I’m sure you’ve heard the term “mom-shaming” before, but here’s a quick definition, just in case. “Criticizing or degrading a mother for her parenting choices because they differ from the choices the shamer would make.” Definition courtesy of Urban Dictionary.
With a year of motherhood under my belt, I’ve seen my fair share of mom-shaming. From judging glances to the ever so often “you should” statement, sometimes it seems like everyone is against you.
Now, before I get on my rant, let me clarify a few things.
1. Mom-shaming is NOT invited advice from a friend
2. Mom-shaming is NOT a kind suggestion from a loved one
3. Mom-shaming IS a hurtful comment or glance
4. Mom-shaming IS judging a mom who is doing the best she can with her given set of circumstances
Why is it bad?
The 2017 C.S. Mott Children’s Hospital National Poll on Children’s Health asked moms with children 0-5 years old about their perceptions of being criticized for their parenting.
After reading this survey, the most discouraging statistic was that for 42% of participants criticism made them feel unsure about their parenting choices.
It’s hard enough raising a tiny human – or multiple tiny humans. The last thing moms need is someone to make them feel bad about it. I can tell you from experience that moms mom-shame themselves enough, they don’t need anyone else to do it.
When your child is born, you’re excited but nervous at the same time. You ask your self every second of those first few months, “do I have what it takes?” And then, as an act of self-mutilation, you list in your head all of the ways you’ve failed as a mother or parent that day.
Do you want to know what moms need? Instead of offering “advice”, tell them how great they’re doing, buy them a cup of coffee, offer to watch their kid so they can take a shower or take a nap. I know that would have meant so much more to me than any advice.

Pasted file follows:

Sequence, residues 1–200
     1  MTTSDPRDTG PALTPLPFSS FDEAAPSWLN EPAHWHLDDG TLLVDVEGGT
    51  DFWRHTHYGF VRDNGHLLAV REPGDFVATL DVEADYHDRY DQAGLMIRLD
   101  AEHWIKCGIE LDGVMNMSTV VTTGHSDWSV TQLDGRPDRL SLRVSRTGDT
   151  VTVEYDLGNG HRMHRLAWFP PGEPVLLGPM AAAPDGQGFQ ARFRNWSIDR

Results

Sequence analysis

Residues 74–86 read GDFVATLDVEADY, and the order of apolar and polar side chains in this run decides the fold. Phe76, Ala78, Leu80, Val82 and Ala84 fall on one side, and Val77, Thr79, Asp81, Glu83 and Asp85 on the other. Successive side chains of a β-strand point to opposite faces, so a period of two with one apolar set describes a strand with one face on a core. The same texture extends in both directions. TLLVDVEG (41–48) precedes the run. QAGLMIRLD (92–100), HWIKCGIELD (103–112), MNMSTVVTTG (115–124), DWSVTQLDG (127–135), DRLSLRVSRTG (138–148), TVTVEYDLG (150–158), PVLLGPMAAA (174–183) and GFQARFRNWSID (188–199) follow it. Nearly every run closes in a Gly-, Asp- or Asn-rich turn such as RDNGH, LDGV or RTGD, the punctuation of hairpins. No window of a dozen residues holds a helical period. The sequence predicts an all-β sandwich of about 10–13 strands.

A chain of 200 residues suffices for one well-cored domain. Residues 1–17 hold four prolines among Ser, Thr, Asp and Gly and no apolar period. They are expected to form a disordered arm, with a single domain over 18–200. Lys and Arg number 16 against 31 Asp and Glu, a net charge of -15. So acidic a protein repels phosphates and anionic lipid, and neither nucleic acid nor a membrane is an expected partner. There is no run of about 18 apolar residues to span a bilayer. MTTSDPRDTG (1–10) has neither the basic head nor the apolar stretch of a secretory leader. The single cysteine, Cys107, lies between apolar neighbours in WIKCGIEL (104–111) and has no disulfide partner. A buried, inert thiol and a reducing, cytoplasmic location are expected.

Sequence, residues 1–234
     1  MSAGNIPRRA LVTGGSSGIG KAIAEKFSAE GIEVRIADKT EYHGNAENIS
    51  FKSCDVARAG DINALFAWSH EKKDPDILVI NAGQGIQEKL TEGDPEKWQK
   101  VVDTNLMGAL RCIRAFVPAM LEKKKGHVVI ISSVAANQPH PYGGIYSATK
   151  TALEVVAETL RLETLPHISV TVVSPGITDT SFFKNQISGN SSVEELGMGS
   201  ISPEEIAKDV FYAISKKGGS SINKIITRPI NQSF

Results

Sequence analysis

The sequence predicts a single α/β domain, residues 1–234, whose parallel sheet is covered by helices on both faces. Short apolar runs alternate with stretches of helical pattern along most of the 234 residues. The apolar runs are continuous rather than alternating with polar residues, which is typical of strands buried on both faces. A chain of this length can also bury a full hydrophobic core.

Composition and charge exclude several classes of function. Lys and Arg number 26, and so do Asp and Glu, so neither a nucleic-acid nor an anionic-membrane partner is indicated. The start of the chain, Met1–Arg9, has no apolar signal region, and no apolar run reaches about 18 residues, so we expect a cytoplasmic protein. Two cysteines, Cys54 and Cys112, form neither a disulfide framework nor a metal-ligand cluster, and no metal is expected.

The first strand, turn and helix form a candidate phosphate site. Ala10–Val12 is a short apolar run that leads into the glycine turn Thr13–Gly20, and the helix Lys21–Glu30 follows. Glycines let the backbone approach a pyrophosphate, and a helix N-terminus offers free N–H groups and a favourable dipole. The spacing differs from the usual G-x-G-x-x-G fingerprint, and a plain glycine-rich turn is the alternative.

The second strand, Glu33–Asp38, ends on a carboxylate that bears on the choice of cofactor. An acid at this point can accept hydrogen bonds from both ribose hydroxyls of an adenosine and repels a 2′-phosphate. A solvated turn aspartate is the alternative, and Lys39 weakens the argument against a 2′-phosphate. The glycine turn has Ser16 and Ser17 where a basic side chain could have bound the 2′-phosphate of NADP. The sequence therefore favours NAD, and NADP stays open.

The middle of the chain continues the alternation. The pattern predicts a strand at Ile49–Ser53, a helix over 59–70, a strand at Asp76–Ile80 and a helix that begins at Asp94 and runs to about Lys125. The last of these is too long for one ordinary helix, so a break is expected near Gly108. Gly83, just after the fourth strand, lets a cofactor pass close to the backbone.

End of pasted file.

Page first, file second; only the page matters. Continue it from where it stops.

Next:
What should we do?
“Therefore encourage one another and build one another up.” 1 Thessalonians 5:11
Encourage one another. It’s so simple, but so hard to do. The C.S. Mott Children’s Hospital National Poll shows that moms will often seek out advice when they need it – from a loved one or a doctor. This, yet again, proves my point that what moms really need is encouragement.
The Bible makes it very clear what we should do. Not just for moms, but for everyone. Here are some other verses to inspire you to encourage others today:
“Let no corrupting talk come out of your mouths, but only such as is good for building up, as fits the occasion, that it may give grace to those who hear.” Ephesians 4:29
“Be kind to one another, tenderhearted, forgiving one another, as God in Christ forgave you.” Ephesians 4:32
At the end of the day, there is not one “right” way to raise a child. Of course, there are the basics that every parent is required to do – like provide a loving and safe home for their child. No parent is an expert and it’s not like your child comes with a rule book when they’re born.
Next time you see a mom at the playground with her yoga pants on, messy bun, no makeup, and holding a screaming child. Instead of saying “wow, they really don’t have their act together, ” consider what might be going on behind the scenes. Offer encouragement and show kindness.